The feature went live last year, and ensures that WhatsApp messages can only be read by the sender, receiver, and not anyone else. WhatsApp, government agencies, Facebook, nobody can read or see messages sent on the app. In an interaction with Indianexpress.com, WhatsApp software engineer Alan Kao and spokesperson Carl Woog highlighted some of the key features of the app’s end-to-end encryption.
Why does WhatsApp have end-to-end encryption?
As WhatsApp software engineer Alan Kao explained, privacy is the core of WhatsApp’s product and founder Jan Koum strongly believes in it. “We have seen all sorts of people rely on WhatsApp, including political representatives who are using the app to connect with their constituents. We believe that security and privacy of these conversations is highly important,” said Kao in the interaction. “With WhatsApp, we have delivered encryption for everyone. This has become especially important in India as even police are using to stay in touch with citizens, help keep women safe,” he added.
What exactly is the protocol that WhatsApp is using for its end-to-end (E2E) encryption?
Given the 1 billion user base, WhatsApp’s roll-out of end-to-end encryption in 2016 was the largest ever for such a feature. “Encryption is always on by default, and it is the only option. Every message sent on WhatsApp is encrypted. Only the sender and recipient have the key, which can decrypt the message. The basis of WhatsApp’s E2E encryption is the Signal protocol design by Open Whisper systems, which is a leading software security company and they are deeply respected,” explained WhatsApp’s Software Engineer.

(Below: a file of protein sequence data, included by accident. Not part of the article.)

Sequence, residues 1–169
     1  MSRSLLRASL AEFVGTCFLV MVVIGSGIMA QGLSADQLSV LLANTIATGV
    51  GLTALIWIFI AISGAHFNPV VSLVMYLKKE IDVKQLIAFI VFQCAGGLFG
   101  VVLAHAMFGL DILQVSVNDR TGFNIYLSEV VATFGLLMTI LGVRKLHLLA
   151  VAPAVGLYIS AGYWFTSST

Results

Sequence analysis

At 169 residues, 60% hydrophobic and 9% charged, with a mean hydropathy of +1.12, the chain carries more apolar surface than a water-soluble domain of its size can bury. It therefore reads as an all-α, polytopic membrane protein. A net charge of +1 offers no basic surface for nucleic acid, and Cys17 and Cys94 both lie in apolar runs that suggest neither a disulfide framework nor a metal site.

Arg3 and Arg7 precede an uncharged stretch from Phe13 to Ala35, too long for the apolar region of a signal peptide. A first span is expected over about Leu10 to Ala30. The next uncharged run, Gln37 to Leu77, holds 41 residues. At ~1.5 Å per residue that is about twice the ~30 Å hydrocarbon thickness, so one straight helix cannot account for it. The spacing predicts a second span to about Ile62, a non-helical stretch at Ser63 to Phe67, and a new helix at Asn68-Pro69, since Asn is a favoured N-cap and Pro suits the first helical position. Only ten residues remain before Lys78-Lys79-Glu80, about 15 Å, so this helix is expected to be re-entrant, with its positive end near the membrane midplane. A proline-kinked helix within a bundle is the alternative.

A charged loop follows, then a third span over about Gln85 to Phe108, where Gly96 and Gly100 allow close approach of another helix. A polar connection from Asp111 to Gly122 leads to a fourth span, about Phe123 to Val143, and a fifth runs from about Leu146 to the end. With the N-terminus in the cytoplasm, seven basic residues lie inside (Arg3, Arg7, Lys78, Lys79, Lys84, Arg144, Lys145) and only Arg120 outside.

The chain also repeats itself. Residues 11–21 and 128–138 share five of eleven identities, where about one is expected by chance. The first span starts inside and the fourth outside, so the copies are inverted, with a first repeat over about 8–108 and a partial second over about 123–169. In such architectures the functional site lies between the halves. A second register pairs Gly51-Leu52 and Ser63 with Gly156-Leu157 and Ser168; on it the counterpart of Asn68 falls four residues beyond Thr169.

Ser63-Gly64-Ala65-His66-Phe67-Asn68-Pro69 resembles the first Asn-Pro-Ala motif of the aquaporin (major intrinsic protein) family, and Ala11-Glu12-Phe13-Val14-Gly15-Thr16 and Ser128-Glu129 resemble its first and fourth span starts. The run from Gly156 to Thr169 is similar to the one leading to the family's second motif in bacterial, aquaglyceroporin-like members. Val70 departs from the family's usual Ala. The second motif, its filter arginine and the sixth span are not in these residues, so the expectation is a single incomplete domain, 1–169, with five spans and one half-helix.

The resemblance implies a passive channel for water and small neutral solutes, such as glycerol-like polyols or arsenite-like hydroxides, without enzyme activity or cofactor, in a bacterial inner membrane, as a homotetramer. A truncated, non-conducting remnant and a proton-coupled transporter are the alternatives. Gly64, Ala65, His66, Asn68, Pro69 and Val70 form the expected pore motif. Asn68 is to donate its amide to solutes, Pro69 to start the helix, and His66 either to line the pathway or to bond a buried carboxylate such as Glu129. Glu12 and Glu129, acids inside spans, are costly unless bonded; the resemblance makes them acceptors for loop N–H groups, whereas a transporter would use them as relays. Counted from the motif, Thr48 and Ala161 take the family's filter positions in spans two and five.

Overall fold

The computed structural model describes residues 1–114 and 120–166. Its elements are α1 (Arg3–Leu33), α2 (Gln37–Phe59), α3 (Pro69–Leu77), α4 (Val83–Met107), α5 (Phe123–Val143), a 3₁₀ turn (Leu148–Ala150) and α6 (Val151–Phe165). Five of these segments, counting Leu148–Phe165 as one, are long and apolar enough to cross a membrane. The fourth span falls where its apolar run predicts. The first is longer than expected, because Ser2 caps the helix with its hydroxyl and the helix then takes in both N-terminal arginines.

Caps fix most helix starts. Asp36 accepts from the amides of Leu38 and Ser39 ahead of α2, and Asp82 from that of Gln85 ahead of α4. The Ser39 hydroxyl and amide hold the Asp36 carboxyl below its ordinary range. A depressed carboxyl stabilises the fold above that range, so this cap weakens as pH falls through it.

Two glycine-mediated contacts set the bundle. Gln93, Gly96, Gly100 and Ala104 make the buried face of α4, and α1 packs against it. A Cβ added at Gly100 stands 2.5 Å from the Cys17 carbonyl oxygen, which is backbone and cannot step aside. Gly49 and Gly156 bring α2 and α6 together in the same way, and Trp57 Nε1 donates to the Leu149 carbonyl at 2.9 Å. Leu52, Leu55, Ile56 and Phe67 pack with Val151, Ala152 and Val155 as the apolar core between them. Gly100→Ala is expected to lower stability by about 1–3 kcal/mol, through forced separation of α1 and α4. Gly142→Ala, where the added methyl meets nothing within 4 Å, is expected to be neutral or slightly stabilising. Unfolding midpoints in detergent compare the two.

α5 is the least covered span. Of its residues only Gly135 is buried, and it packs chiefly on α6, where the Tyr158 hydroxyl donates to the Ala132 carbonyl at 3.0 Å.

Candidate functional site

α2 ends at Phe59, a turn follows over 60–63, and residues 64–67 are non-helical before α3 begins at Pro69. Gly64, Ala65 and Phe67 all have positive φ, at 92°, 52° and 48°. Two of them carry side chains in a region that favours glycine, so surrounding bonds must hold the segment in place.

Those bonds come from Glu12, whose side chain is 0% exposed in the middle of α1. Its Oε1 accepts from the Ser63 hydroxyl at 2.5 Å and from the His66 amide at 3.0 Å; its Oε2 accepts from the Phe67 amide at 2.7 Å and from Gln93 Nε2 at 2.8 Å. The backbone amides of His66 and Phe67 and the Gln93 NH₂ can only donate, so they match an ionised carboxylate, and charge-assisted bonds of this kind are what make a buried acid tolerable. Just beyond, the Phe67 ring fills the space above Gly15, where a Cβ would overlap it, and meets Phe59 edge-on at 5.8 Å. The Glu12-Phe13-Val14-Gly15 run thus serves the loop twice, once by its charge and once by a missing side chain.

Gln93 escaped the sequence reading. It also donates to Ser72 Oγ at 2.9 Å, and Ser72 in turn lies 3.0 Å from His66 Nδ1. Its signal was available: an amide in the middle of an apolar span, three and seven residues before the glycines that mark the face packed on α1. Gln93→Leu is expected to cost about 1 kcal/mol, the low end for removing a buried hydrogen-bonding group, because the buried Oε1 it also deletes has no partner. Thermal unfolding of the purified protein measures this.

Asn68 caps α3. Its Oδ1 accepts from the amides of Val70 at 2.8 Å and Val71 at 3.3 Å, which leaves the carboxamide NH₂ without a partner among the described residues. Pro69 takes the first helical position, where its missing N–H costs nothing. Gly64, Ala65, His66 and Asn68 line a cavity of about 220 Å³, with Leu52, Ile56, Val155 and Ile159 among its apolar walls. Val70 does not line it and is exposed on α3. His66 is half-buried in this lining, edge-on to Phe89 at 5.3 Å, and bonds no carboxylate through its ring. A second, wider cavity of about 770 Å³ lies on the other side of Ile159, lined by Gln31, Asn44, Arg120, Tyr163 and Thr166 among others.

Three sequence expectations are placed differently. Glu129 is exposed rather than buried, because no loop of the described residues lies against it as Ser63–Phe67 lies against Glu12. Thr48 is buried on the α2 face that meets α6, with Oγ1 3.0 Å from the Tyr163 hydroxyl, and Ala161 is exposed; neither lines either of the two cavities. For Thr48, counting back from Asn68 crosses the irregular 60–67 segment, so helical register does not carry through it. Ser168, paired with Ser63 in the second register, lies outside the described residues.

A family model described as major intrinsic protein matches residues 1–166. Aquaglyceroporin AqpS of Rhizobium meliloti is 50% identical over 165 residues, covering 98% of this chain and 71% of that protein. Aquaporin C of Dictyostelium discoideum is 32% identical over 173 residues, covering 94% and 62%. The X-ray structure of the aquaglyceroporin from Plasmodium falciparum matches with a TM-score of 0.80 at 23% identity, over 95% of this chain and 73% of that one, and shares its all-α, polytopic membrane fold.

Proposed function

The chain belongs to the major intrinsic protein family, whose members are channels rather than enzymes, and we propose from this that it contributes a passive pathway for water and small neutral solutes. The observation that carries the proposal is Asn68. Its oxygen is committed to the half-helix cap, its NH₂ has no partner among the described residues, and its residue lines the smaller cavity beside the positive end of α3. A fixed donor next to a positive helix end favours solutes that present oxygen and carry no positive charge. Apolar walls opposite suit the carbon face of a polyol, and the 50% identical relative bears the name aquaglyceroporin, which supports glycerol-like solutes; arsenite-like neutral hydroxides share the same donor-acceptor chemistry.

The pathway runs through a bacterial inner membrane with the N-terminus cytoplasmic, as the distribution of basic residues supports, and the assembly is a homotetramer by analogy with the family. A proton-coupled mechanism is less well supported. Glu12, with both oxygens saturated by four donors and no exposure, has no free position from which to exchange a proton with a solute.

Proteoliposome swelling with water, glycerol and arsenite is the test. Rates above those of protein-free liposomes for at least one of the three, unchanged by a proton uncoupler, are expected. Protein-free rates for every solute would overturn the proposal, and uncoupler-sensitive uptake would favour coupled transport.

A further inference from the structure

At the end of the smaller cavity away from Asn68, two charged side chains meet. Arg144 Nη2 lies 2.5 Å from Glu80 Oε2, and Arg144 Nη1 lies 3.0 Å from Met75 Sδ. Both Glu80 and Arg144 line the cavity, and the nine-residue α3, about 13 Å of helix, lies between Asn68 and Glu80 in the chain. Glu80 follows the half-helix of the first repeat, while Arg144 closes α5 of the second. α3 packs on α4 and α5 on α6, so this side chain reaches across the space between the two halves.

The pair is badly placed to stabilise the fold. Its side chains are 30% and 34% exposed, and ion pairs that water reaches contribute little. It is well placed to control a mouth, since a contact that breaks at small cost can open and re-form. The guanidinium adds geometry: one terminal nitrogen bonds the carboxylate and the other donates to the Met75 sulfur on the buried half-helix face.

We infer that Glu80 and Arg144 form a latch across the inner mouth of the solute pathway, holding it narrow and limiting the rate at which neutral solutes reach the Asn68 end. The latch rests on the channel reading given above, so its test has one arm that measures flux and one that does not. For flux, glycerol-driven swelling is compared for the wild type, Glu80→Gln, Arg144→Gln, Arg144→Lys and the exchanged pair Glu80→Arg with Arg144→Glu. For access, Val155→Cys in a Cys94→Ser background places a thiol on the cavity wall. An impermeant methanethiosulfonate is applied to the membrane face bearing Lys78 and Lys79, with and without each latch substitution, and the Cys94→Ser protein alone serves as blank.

He also pointed out that WhatsApp worked with Open Whisper for two years to bring E2E encryption. “The Signal system has been heavily audited by third-party systems and recommended by the world’s leading security experts. It is also designed to work well from the ground up on mobile. Even the new status feature on WhatsApp is end-to-end encrypted,” explained Kao. WhatsApp uses Advanced Encryption Standard (AES) 256-bit encryption to keep these keys secure and has also put out an open paper explaining how the entire system works.
But can there be a backdoor entry to your WhatsApp messages? Would they create it for a government?
As Kao explained, this would be terribly hard for WhatsApp to do without such a backdoor entry being detected. “Any change in our encryption will be detected very quickly. WhatsApp is one of the most scrutinised apps in the world, security researchers are analysing and reverse engineering our app constantly,” he said. The company says it would be impossible to create a secret backdoor to their app. Also as they point out, they can’t just create a backdoor for one party. Such a system would make them a prime target for hackers.
So, what happens to end-to-end encryption when you rely on third-party back-ups for WhatsApp messages?